As more and more companies utilized day rates, however, one important question lingered—whether a worker who receives a predetermined rate of pay for each day worked satisfies the FLSA’s requirement that exempt employees must be compensated on a “salary basis.” According to the regulations:
An employee will be considered to be paid on a “salary basis”… if the employee regularly receives each pay period on a weekly, or less frequent basis, a predetermined amount constituting all or part of the employee’s compensation, which is not subject to reduction because of variations in the quality or quantity of the work performed… [A]n exempt employee must receive the full salary for any week in which the employee performs any work without regard to the number of days or hours worked. Exempt employees need not be paid for any work-week in which they perform no work.29 C.F.R. § 541.602(a).
On its face, the regulation permits compensation structures that pay employees a predetermined amount, regard-less of the number of hours actually worked. But, how is this regulation interpreted in the context of a day-rate scheme, where the worker’s compensation is calculated on a daily basis (not on a weekly, or less frequent basis as stated in the regulations), but receives a paycheck based on a day rate on a weekly, or less frequent basis? Additionally, what happens if the worker voluntarily reduces his or her compensation by charging the employer less than a full day rate when less than a full day is worked? On August 21, 2019, the Fifth Circuit provided some clarification.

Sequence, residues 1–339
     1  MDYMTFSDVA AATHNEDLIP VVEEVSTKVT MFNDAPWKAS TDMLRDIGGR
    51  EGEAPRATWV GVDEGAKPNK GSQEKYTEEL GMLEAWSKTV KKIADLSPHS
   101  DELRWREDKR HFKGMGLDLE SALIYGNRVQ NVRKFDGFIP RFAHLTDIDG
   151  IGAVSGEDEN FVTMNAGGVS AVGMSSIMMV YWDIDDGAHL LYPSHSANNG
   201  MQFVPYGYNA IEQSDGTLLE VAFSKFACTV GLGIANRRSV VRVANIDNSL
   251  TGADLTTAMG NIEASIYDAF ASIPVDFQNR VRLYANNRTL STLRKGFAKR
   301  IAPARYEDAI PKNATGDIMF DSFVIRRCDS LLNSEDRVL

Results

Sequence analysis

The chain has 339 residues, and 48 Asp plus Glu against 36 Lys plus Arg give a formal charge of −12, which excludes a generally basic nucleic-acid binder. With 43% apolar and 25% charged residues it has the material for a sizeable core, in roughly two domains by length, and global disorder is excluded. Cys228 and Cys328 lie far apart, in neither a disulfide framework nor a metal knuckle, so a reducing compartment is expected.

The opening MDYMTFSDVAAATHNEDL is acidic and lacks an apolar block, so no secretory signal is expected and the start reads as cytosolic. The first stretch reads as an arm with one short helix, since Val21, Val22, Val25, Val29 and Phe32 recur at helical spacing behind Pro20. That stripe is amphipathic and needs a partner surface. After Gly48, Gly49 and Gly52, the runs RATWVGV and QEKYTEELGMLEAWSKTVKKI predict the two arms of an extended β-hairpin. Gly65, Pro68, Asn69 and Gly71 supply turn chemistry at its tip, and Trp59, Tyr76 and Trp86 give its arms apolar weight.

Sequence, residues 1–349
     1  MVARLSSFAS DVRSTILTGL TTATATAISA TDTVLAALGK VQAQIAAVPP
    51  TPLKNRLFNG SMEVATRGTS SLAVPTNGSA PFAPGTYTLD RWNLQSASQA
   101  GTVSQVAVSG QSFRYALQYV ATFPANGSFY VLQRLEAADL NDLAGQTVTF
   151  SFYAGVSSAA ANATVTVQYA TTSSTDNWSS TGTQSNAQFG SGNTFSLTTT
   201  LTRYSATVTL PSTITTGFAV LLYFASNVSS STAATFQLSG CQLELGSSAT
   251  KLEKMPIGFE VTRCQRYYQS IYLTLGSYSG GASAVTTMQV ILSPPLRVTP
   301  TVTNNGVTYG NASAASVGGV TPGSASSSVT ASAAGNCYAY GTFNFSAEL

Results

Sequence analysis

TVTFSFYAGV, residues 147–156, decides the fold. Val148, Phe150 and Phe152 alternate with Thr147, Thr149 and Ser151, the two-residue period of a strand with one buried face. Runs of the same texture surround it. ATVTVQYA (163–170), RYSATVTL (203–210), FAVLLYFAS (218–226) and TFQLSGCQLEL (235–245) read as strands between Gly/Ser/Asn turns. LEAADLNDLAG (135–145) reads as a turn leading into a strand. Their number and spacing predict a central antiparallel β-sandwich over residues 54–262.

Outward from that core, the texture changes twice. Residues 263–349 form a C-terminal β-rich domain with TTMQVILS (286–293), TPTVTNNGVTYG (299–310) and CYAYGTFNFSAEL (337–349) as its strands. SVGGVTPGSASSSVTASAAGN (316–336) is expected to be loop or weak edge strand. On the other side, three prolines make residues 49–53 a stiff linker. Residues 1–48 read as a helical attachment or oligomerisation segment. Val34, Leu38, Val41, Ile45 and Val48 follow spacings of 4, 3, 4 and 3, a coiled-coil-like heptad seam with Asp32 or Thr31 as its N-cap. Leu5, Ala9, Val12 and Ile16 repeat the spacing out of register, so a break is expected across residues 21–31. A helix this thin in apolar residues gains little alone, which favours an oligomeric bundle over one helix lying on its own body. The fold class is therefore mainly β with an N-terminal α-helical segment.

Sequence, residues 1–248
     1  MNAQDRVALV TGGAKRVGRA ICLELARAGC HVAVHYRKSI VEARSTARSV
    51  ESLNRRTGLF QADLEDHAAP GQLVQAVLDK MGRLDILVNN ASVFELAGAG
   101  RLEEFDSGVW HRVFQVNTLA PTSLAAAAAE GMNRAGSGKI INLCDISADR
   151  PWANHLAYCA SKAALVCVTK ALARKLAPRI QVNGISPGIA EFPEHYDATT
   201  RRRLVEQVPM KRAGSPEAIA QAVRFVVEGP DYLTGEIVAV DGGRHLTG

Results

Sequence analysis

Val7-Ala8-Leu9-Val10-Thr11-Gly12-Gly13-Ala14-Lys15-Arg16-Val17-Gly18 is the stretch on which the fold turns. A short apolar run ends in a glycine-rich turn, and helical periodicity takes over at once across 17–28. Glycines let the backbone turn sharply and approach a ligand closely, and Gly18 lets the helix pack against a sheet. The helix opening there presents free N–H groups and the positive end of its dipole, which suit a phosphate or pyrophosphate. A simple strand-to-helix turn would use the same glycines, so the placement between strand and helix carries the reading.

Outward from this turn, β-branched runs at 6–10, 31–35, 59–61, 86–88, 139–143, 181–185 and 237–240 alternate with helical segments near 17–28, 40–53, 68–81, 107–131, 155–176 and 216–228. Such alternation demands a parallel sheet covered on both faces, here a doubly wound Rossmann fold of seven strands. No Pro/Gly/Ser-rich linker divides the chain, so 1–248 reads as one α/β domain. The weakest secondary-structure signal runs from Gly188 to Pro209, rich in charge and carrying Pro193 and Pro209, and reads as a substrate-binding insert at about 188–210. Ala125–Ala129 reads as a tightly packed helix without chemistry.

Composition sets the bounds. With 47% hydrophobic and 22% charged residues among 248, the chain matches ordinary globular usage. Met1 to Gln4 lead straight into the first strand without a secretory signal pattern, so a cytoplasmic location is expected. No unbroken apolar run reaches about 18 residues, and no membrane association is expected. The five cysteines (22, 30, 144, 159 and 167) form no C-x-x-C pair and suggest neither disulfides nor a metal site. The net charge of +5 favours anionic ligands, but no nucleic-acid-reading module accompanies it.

Faludi v. U.S. Shale Solutions, L.L.C.
Jeff Faludi (“Faludi”) worked as a consultant for U.S. Shale Solutions, LLC (“U.S. Shale”) for approximately 16 months. U.S. Shale engaged Faludi’s services through an Independent Contractor Consulting Services Agreement, which provided that U.S. Shale would pay Faludi a rate of $1,000 per day for every day worked in Houston, Texas (and a rate of $1,350 per day for every day worked outside of Houston), regardless of the number of hours Faludi actually worked. Under this arrangement, Faludi was entitled to receive the full day rate, even if he worked one hour. The Agreement required Faludi to submit invoices to U.S. Shale twice a month. The Agreement also stated that Faludi was an independent contractor—not an employee—of U.S. Shale.